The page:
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Osteoporos Int. 2008 Jul;19(7):969-78. Epub 2007 Dec 15.

Osteonectin/SPARC polymorphisms in Caucasian men with idiopathic osteoporosis.

Author information

  • 1Center for Molecular Medicine, University of Connecticut Health Center, 263 Farmington Ave, Farmington, CT, 06030, USA. adelany@uchc.edu

Abstract

Animal models suggest a role for osteonectin/SPARC in determination of bone mass. We found haplotypes consisting of three single nucleotide polymorphisms (SNPs) in the 3' untranslated region (UTR) of the osteonectin gene are associated with bone density in Caucasian men with idiopathic osteoporosis.

INTRODUCTION:

Osteonectin is a matricellular protein regulating matrix assembly, osteoblast differentiation, and survival. Animal studies indicate that osteonectin is essential for normal bone mass. The 3' UTR is a regulatory region controlling mRNA stability, trafficking, and translation, and we determined whether osteonectin 3' UTR haplotypes could be associated with bone mass and/or idiopathic osteoporosis.

METHODS:

Single strand conformation polymorphism and allele-specific PCR analysis were used to assess alleles at osteonectin cDNA bases 1046, 1599, and 1970, using genomic DNA from middle-aged Caucasian men with idiopathic, low turnover osteoporosis (n = 56) and matched controls (n = 59). Bone density was measured by DXA at spine, hip and radius. Allele and haplotype frequencies were analyzed by Chi square analysis and Fisher's exact test.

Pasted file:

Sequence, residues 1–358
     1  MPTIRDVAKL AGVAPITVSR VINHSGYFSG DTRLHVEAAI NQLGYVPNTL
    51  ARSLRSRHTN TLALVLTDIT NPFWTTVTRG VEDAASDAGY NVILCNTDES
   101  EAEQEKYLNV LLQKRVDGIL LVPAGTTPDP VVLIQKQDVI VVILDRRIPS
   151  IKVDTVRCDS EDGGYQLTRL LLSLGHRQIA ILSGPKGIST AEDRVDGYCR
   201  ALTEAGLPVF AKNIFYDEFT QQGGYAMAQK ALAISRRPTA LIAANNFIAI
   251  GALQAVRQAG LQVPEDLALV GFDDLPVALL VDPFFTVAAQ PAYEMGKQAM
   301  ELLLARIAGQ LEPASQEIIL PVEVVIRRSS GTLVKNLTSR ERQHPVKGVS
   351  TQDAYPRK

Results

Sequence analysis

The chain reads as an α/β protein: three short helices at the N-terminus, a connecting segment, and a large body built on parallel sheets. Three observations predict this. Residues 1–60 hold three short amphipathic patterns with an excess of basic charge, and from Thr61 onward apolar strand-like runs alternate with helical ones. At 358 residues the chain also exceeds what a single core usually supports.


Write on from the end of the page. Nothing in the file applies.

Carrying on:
RESULTS:

Five common osteonectin 3' UTR haplotypes were identified. The frequency of one haplotype (1046C-1599C-1970T) was higher in controls compared with patients, and this haplotype was also associated with higher bone densities at multiple sites in patients. In contrast, a second haplotype (1046C-1599G-1970T) was associated with lower bone densities in patients at multiple sites.

CONCLUSIONS:

Osteonectin regulates skeletal remodeling and bone mass in animals, and haplotypes in the 3' UTR of this gene are associated with bone density in Caucasian men with idiopathic osteoporosis.

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